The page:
Prostatic Adenocarcinoma in a Dog

Prostatic Adenocarcinoma in a Dog

-by Seychelle Hoffer, DVM, CVA, Rhode Island, USA

Author: Chi Institute/Wednesday, February 19, 2014/Categories: TCVM Newsletter, 2013 Winter Issue

A 7-year-old, neutered male, Bernese Mountain dog had a history of acuteonset, non-painful left hind limb paralysis. The referring veterinarian made a diagnosis of fibrocartilaginous embolism (FCE). As an incidental finding on the MRI, the prostate was noted to be enlarged (2.3 x 2.7 cm) and asymmetrical. Results of an aspiration’s cytology confirmed prostatic adenocarcinoma. The patient had initially been placed on Piroxicam and Misoprostal for treatment of the prostatic tumor, but had started vomiting so his owner stopped the medications. He was not currently on any medications or supplements. The owner was interested in TCVM as alternatives to traditional treatments. The patient was not showing any signs from the prostate tumor at this point. His left hind leg was improving after receiving physical therapy. He was eating and drinking well with no vomiting or diarrhea. His diet was a good-quality dry food with cooked organic chicken and vegetables added. He preferred cooler surfaces and colder temperatures in general.



The patient was an Earth personality and had great Shen. His tongue was red and moist with a thin, clear coating. He was panting in the room. His pulses were very weak and deep bilaterally. He had no sensitivity to Back Shu points. He had a left hind limb paresis. His skin coat was shiny and healthy.



General Qi and Yin Deficiency with local Qi/Blood Stagnation.


Treatment Plan

Tonify Qi and Yin, clear local Qi/Blood Stagnation/Stasis, soften hardness, and clear enlargement.



GV-20, GV-14, Bai Hui, LI-10, ST-36, BL-40.



Stasis Breaker, 2g BID x 7d, then 4g BID.


Other supplements

Cell Advance 880, Maitake DMG and Maitake mushroom extract.


Two weeks later, he had been doing well at home. His exam was essentially unchanged. Acupuncture treatment consisted of the same acupoints as his initial treatment, with the addition of BL-23, LI-4 and LIV-3. The patient continued to receive acupuncture every 2 weeks for the next 4 months. Over that time, he remained stable, using his left hind leg and getting around well despite having poor proprioception in this leg.


Approximately 5 months after his initial visit, the patient presented for increased weakness on his left hind leg. On exam, his Shen was good, his tongue was pale red and moist, and pulses were very weak especially on the left. His CP deficit on the left was marked worse than latest noted. Acupuncture treatment included all previous acupoints, in addition to BL-26 and GB-34. Wei Qi Booster was added at 2-4g BID. He remained asymptomatic for his prostate tumor during this entire time.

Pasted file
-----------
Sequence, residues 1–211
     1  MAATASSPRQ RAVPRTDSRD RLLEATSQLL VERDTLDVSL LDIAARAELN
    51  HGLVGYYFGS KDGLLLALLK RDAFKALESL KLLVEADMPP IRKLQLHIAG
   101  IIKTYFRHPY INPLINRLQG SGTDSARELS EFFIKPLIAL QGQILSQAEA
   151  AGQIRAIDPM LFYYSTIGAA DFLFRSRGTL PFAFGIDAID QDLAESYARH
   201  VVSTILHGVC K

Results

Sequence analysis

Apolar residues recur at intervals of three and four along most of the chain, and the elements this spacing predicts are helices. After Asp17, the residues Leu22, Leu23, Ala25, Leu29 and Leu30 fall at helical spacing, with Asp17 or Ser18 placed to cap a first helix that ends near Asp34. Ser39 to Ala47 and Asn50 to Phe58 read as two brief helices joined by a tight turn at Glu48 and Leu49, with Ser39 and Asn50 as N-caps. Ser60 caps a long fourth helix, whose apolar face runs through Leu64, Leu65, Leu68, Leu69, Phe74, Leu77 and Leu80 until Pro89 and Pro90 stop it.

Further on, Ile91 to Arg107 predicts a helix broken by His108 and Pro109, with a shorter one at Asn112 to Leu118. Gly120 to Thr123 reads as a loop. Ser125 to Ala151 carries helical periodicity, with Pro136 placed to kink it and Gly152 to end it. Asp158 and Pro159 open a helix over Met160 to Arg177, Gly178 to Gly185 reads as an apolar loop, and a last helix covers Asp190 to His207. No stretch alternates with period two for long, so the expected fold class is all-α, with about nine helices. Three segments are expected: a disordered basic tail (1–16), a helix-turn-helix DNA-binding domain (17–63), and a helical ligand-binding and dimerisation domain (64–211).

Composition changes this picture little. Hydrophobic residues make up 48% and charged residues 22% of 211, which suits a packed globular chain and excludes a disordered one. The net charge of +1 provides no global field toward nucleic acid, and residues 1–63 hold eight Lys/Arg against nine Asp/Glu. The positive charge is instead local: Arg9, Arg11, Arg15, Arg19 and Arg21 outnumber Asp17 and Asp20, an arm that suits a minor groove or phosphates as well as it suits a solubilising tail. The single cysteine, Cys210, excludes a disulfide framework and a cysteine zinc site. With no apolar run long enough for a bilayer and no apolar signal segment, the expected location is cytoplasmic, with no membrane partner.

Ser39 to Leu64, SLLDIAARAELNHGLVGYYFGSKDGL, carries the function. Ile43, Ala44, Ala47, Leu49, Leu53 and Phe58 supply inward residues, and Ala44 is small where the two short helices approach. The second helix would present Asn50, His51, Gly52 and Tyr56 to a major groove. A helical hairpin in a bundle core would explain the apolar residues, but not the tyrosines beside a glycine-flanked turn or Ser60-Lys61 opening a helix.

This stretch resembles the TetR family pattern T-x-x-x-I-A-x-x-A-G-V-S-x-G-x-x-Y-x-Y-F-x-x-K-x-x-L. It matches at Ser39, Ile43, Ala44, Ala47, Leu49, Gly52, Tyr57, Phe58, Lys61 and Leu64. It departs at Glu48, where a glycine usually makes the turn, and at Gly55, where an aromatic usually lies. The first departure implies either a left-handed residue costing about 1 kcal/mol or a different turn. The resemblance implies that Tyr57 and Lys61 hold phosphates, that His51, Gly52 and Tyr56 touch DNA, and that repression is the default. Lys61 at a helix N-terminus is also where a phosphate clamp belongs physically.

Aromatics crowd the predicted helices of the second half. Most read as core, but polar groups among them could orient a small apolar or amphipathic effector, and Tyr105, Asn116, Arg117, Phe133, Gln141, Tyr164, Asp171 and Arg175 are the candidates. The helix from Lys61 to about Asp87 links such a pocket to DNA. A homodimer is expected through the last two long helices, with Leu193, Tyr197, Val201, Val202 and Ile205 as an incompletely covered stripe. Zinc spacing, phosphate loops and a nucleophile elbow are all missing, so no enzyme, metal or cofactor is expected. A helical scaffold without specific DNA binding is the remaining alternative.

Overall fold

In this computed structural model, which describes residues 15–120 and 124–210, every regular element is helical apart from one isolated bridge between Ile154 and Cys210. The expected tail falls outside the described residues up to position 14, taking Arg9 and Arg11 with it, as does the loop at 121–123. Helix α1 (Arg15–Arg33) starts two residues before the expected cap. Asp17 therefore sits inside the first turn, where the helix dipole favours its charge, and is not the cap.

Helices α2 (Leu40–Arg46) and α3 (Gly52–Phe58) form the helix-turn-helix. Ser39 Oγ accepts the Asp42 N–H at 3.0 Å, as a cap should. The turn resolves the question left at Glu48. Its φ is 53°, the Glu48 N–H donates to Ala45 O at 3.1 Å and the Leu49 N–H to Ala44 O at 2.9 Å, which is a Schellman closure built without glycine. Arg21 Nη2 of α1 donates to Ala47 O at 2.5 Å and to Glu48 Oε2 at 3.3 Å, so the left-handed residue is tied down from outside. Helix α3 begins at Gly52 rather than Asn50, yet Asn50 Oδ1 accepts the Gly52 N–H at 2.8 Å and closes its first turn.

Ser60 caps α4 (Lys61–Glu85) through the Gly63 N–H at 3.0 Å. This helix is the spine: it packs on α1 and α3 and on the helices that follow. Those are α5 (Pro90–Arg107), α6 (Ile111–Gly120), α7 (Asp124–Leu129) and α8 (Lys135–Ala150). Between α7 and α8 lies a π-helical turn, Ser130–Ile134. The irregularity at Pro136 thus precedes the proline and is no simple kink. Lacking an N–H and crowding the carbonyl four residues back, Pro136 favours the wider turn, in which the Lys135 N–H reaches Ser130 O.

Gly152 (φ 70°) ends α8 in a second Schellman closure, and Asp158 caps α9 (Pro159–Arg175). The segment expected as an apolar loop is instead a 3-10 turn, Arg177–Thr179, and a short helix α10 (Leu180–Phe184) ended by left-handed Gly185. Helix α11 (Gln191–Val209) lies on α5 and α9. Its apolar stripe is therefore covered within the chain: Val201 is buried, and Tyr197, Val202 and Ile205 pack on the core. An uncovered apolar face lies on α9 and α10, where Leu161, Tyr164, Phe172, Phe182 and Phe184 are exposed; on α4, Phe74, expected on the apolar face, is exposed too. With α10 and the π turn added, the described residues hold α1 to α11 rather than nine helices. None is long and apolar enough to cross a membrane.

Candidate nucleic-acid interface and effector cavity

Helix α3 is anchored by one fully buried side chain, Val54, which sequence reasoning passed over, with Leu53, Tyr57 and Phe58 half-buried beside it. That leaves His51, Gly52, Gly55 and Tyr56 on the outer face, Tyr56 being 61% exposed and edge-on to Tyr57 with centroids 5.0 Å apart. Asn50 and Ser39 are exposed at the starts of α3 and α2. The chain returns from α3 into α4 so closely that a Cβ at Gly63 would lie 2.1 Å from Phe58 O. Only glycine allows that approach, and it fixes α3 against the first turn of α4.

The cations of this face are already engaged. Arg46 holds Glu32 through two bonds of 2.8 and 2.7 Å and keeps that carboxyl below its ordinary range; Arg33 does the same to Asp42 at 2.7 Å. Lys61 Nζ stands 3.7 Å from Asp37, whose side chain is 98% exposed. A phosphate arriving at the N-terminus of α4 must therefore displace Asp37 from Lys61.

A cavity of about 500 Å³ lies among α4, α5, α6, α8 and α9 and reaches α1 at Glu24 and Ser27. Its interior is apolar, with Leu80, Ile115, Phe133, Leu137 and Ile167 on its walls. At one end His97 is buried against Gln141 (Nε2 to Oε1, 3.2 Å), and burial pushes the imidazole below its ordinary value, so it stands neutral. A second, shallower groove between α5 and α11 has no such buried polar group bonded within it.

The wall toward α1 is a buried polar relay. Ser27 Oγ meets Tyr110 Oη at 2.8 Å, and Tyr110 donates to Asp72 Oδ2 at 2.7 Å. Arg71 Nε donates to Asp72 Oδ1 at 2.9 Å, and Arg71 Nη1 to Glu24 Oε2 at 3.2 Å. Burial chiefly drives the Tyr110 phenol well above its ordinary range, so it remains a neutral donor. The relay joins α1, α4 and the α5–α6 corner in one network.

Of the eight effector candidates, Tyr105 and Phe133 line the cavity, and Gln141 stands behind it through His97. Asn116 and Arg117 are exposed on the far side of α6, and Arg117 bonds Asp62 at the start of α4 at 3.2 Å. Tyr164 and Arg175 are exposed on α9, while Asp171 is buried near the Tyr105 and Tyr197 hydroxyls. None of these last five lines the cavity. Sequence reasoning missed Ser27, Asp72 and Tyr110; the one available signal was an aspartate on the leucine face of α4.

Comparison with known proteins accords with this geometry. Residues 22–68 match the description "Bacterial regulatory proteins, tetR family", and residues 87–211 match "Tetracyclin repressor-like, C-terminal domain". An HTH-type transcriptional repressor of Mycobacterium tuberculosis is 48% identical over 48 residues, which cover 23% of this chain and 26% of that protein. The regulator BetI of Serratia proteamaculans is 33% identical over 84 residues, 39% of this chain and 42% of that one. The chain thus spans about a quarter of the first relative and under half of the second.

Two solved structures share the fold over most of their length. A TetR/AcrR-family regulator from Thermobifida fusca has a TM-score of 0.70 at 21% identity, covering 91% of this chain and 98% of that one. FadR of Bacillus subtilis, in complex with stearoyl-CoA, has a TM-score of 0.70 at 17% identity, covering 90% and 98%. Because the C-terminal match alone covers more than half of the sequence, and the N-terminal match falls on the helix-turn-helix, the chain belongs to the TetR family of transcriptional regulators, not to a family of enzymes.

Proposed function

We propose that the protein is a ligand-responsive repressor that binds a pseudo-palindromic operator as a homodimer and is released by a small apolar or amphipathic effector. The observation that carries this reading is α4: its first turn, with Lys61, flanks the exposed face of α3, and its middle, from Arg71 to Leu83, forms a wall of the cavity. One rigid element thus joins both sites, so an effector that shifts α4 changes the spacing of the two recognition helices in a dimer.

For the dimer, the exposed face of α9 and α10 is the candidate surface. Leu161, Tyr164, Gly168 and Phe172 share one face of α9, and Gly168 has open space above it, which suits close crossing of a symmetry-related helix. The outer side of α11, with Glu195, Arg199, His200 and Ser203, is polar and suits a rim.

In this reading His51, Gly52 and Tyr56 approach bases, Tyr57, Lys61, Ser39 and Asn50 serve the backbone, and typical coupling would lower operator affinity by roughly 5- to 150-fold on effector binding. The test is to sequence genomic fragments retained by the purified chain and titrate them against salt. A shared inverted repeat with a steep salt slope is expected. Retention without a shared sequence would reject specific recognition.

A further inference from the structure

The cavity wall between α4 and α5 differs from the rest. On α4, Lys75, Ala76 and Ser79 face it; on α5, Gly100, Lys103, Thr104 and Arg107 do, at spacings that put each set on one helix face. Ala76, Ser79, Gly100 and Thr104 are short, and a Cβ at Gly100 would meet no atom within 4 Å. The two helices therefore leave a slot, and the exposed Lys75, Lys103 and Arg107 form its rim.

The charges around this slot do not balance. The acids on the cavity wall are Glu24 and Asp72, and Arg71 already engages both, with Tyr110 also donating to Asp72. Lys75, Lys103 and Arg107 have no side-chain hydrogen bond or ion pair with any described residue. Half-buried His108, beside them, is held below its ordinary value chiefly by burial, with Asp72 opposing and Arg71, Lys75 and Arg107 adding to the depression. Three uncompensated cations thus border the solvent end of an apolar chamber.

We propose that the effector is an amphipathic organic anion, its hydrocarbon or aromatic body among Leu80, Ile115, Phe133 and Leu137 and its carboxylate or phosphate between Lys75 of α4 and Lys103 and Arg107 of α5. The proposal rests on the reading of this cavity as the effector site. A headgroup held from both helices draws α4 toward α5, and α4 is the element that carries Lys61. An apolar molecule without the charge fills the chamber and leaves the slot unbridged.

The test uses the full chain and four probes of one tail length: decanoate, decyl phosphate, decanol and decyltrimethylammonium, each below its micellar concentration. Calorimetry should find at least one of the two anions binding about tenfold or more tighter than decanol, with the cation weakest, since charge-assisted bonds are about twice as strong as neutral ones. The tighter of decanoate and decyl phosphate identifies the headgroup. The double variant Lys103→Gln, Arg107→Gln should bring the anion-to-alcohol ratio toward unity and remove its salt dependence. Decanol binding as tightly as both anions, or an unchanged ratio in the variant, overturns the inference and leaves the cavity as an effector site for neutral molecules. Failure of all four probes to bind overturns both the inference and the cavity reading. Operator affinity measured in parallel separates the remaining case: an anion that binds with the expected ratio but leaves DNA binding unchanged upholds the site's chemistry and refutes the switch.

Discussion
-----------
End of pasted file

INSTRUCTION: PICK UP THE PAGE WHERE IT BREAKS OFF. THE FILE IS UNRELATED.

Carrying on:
Approximately 10 months after his initial visit, the patient was seen at the local emergency hospital with a concern of difficulty urination and defecation. On physical exam, his prostate was enlarged and painful. Ultrasound confirmed a prostatic mass with an additional 1 cm mass possibly located at the bladder trigone that was partially obstructing the urethra. A urinary catheter was passed to fully empty the bladder, and the patient was given Carprofen 75mg BID for one week. The veterinarian discussed further treatment options, including surgery, chemotherapy and radiation, but the owner preferred to continue with the care that he had already been receiving.


The patient improved at home, and was seen at our hospital the following week. Ultrasound found a large, mineralized prostatic mass measuring 6.5 x 4.2 x 5 cm. The mass was invading the urethra but not the urinary bladder. The bladder wall had thickened, and the bladder contained a large amount of debris and crystals. There was no evidence of local or distant metastasis. A urine sample confirmed a urinary tract infection, and the patient was started on Enrofloxacin 252mg SID and Cefpodoxime 200mg SID x 28 days in addition to Firocoxib 113.5mg SID as needed. Acupuncture every two weeks and daily herbal medicine were continued.


At 18 months post-initial visit, inositol hexaphosphate 510mg BID was added to the patient’s supplements. Other than intermittent episodes of hematuria and mild dysuria which were treated with antibiotics, the patient continued to do well for several months. He maintained an excellent body condition, and was active and in good spirits at home.